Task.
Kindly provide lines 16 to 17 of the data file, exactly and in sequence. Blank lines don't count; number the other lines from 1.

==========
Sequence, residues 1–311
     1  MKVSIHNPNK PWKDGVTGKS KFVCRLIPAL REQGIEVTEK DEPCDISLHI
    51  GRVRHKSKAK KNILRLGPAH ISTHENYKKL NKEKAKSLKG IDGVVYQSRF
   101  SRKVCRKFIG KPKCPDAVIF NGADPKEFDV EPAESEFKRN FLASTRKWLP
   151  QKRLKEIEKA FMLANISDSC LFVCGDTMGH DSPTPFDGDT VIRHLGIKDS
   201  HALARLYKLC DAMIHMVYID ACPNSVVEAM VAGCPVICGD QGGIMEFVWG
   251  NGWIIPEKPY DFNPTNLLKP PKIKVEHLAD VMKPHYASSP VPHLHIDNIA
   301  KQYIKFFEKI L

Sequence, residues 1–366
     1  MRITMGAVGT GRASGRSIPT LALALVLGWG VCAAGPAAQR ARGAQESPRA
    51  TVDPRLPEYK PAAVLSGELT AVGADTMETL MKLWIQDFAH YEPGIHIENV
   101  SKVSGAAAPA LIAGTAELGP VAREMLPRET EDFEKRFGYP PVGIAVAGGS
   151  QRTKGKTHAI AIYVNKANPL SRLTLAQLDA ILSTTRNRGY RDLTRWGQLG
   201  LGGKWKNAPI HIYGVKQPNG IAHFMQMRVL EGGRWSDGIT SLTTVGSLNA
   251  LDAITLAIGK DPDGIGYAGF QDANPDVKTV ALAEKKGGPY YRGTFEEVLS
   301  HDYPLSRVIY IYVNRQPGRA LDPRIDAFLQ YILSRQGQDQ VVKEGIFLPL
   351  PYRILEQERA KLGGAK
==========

   301  HDYPLSRVIY IYVNRQPGRA LDPRIDAFLQ YILSRQGQDQ VVKEGIFLPL
   351  PYRILEQERA KLGGAK